Editorial: International alliances require sensible thinking


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In another bloody chapter of what seems like a never-ending conflict between the Israelis and Palestinians, the United States continues to support its longtime ally in the Middle East. Politicians, protesters, and the general public are throwing their collective support behind Israel. In fact, since the Pew Research Center began surveying U.S. public opinion about Israel in 1978, support for the Jewish State has never been higher.

Among Israel’s supporters is Iowa’s own Joni Ernst, a Republican candidate running for the seat of retiring Sen. Tom Harkin, D-Iowa. Here’s the gist of what Ernst’s website says regarding the U.S. alliance with Israel: “As history has proven time and time again, America has no better friend or more loyal ally than she does with Israel.”

Supporting Israel has been a key part of U.S. foreign policy for decades among both Democrats and Republicans, so none of this is especially surprising.

However, given some of Israel’s recent behavior, it would be wise to reconsider the nature of the U.S.-Israel relationship. We’re not saying the United States should cease being allies with Israel, but to apply the logic of Socrates to foreign policy: the unexamined alliance is not worth having.

If the United States is an ally of Israel simply because it has always been a friend to Israel, it does not follow that an alliance is still a good idea. Periodically re-evaluating and questioning old beliefs is the rational thing to do, especially when dealing with matters of public policy, and that’s exactly how Americans and their politicians ought to approach the ongoing crisis in Israel.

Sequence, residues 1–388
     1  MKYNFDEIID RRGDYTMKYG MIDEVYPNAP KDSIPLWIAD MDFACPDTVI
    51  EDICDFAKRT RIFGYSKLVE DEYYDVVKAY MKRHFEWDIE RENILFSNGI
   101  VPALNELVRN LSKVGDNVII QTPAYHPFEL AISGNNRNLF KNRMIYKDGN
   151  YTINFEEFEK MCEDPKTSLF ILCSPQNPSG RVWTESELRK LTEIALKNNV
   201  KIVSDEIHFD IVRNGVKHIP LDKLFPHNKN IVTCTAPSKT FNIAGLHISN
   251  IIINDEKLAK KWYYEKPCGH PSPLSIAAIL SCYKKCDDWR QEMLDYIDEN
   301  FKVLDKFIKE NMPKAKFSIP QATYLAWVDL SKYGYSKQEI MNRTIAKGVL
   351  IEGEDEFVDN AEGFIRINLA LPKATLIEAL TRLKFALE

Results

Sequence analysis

It all began late last month after the killing of three Israeli students. From the beginning, Israeli Prime Minister Benjamin Netanyahu has held Hamas and the Palestinian Authority responsible for the deaths, the New York Times has reported. Israel immediately responded by sending thousands of troops into the West Bank, arresting hundreds of Palestinians, many of whom were top-ranking members of Hamas. Netanyahu and Israeli military officials refused to disclose the evidence surrounding who was responsible for killing the three students.

Nevertheless, Israel chose to target Hamas in the following days, which the BBC reported has claimed at least 175 lives as of Monday afternoon. The United Nations estimates the vast majority of Palestinians killed are civilians. In spite of rocket attacks launched in retaliation by Hamas (a ruling political faction in Gaza branded a terrorist organization by the United States, Israel, and the European Union), the U.S.-supported Iron Dome missile defense system has ensured that no Israeli civilians have died.

Netanyahu defended the extremely lopsided casualty ratio by suggesting that Hamas was launching rockets from areas that are densely packed with civilians. Therefore, in responding to Hamas rocket attacks, some Palestinian casualties can’t be avoided.

Agree or disagree with Israel’s actions, this is a heavy-handed response. Relative to the deaths of three Israeli students, tragic as it is, cracking down in this manner seems like a disproportionate reaction. Rogue members of Hamas did in fact commit these horrifying murders, but is it right to hold all of the Palestinian people responsible?

According to the Fourth Geneva Convention, to which both United States and Israel have agreed, “No protected person may be punished for an offence he or she has not personally committed. Collective penalties and likewise all measures of intimidation or of terrorism are prohibited.”

Furthermore, since 2006, Israel has blockaded Gaza to deter Hamas rocket attacks. This has cut off much of the fuel supply, consequently making food, medicine, and electricity hard to come by. Crippling poverty and massive unemployment have followed.

Compounding these problems, Israel insists on constructing new settlements in the West Bank, tightly regulating Palestinians in their daily lives, and now is harshly retaliating against an entire people for the crimes of a few.

Granted, in the past, the international community has condemned Hamas as well as Israel for committing war crimes.

Loyalty is a virtue, but so is justice. Many of Israel’s actions of late violate international law. They are unjust. They are cruel. They are not conducive to the peace process. We ask Ernst — not just Ernst, but all U.S. politicians — is that the kind of nation America wants to call her ally? At the very least, she should be on the side of peace.

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